As the growth of the US economy is so dependent on the spending choices of its consumers, announcements from key US retailers this week will act as a useful barometer of the pace of the country’s ongoing recovery.
The retail sector shines a light on the health of the US economy but also its changing shape. The high street is at the epicentre of the disruption being wreaked by online giants such as Amazon.
Corporate bosses are becoming almost obsessed by the threat from Amazon. In a recent survey of results announcements, Bloomberg found that the company was mentioned 635 times over a 90 day period while President Trump came up just 162 times and wages were mentioned just 111 times.
This week’s results include Home Depot, which announced its figures yesterday and discount chain Target later today. Walmart - the world’s largest retailer - and clothing chain Gap declare theirs tomorrow.
Home Depot - the country’s largest home improvement store - performed better than expected. Encouraged by a strong job market and rising house prices, Americans are splashing out on improving their homes, giving the US DIY chain its highest-ever quarterly sales and earnings.
The retailer also raised its sales forecast after the second-quarter performance outpaced expectations. Home Depot now expects its like-for-like sales to rise to 5.5% in the current fiscal year, up from its previous target of 4.6%.
This is in contrast to US department store chain Macy’s which last week announced falling sales of 2.8% in the second quarter - the 10th straight quarter of decline for the retailer.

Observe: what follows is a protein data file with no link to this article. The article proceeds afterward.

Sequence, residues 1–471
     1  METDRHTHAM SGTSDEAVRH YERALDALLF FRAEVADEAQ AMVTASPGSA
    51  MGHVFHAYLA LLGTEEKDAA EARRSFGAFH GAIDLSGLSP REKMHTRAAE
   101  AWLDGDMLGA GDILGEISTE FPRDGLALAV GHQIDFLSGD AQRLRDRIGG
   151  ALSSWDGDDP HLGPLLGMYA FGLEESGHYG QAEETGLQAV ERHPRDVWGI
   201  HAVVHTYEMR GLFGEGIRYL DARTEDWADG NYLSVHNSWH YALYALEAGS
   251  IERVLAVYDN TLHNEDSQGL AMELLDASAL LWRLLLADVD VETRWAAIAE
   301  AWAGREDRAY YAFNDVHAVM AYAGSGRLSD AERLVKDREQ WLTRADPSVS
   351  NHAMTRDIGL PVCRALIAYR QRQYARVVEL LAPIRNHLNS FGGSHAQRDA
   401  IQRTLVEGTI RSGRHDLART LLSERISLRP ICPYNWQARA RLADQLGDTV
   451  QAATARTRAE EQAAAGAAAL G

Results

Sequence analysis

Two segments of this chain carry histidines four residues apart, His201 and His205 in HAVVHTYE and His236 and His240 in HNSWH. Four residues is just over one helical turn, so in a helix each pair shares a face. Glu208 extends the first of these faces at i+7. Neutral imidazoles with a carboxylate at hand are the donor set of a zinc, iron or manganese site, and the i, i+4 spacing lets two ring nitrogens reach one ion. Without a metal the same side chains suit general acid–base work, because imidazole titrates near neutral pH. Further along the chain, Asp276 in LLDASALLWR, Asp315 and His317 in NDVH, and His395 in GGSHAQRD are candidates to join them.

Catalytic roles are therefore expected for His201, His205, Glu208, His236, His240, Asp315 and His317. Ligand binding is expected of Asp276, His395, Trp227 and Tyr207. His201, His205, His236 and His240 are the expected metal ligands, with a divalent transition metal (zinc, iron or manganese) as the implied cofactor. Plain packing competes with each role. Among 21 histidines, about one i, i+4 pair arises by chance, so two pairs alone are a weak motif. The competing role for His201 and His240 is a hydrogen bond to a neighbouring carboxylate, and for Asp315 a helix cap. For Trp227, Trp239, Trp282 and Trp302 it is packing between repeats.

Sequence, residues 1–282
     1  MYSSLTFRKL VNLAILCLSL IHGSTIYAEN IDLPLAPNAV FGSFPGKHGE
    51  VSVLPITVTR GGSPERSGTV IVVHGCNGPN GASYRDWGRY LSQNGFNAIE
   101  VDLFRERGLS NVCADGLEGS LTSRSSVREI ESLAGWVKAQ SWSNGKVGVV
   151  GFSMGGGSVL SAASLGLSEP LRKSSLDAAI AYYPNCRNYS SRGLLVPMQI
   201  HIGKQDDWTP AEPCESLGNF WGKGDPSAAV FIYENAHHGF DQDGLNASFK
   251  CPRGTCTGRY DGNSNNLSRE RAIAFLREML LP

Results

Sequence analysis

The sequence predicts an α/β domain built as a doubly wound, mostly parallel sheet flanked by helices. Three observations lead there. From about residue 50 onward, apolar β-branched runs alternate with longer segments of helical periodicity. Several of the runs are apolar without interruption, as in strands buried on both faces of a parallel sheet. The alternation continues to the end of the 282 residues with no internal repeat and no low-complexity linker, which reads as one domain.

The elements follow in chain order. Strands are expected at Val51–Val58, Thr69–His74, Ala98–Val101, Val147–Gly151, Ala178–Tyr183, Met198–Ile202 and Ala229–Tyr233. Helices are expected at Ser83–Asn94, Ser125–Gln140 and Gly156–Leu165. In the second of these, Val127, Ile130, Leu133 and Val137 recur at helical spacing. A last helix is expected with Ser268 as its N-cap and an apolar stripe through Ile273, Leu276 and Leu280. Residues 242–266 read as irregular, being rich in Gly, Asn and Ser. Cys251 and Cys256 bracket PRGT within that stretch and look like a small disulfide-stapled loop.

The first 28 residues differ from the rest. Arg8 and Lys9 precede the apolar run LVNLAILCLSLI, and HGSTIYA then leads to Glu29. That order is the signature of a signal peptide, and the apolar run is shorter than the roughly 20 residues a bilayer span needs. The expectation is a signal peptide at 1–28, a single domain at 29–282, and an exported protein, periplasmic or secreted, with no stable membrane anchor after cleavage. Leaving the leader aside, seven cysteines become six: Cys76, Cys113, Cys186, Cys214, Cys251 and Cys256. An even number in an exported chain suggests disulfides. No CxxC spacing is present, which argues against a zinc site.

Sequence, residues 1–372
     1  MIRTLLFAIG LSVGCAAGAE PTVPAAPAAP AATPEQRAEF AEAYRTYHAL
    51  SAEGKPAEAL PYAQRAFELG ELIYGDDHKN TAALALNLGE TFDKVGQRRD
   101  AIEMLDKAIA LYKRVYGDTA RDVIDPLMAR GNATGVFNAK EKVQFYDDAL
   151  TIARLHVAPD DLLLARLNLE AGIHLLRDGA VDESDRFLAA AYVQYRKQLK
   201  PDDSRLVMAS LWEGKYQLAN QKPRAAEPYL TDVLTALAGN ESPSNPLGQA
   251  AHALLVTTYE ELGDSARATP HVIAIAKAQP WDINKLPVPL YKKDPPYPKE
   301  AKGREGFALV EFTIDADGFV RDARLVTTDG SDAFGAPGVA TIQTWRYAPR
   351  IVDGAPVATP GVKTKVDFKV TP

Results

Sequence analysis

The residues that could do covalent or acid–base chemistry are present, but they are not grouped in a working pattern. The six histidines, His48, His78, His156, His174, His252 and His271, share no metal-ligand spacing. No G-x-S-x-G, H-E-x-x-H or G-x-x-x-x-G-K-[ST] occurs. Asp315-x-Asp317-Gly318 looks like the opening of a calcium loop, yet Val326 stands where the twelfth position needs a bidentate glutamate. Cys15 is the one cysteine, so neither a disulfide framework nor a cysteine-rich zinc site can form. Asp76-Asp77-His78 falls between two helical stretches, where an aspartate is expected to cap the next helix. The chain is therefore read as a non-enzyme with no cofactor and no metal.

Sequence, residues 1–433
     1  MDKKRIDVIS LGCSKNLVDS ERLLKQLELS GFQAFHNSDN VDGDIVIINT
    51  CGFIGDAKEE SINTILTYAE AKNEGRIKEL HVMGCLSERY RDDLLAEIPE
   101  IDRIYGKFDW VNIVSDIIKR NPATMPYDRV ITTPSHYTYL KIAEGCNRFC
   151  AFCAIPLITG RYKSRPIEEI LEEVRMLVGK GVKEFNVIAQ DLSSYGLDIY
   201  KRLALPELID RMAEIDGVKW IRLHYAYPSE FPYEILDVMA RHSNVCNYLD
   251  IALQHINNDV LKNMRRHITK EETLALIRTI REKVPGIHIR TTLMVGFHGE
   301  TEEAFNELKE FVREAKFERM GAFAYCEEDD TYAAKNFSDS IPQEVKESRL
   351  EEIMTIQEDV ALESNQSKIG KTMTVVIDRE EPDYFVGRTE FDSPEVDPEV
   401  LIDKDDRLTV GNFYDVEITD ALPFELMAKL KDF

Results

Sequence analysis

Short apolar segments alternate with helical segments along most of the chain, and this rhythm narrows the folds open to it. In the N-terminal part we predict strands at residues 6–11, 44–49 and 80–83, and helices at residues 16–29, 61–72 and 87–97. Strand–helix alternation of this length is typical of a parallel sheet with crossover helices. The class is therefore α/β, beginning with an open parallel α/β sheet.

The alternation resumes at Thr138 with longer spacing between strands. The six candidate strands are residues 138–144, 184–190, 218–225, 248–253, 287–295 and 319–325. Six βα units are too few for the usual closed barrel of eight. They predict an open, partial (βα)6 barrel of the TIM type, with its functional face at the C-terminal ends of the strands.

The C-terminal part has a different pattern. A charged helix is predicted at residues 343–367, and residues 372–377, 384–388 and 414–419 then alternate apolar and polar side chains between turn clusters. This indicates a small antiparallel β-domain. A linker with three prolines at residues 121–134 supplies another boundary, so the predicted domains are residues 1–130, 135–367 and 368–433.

Much has been said about the “Amazon effect” in retail and Macy’s is certainly feeling the pinch as more and more consumers are shopping online - especially for clothing which makes up a key part of its offering. This is forcing clothing retailers like Macy’s and Gap to heavily discount their ranges to match Amazon’s prices. Gap has also gone a step further, announcing earlier this month that it will be closing all its Australian stores by the end of January next year.
But with Home Depot, shoppers are still visiting the physical stores with investors reassuring themselves that some of the items they sell, such as lumber (i.e wooden decking and fencing) are less susceptible to online competition. Home Depot may be safe from major disruption - for now.
Looking ahead to tomorrow, Walmart’s quarterly earnings are expected to dip as the company continues to invest in its e-commerce operations to compete online with Amazon. In the last update it announced that US online sales had risen 63% over the same period in 2016 and that most of the increase was organic growth from Walmart.com. However, Amazon remains the leader in US e-commerce by a wide margin, with nearly $24bn in online sales in the first quarter of this year, compared with about $4bn for Walmart. Walmart certainly has a lot of catching up to do.
Other supermarkets are fighting back too. On Monday the German discounter Aldi announced a partnership with grocery delivery company Instacart to allow customers in three US cities to buy Aldi food online with delivery in as little as an hour. The move comes as grocers across the US prepare for the looming threat of Amazon’s takeover of US food retailer Whole Foods which is due to be completed in the second half of this year.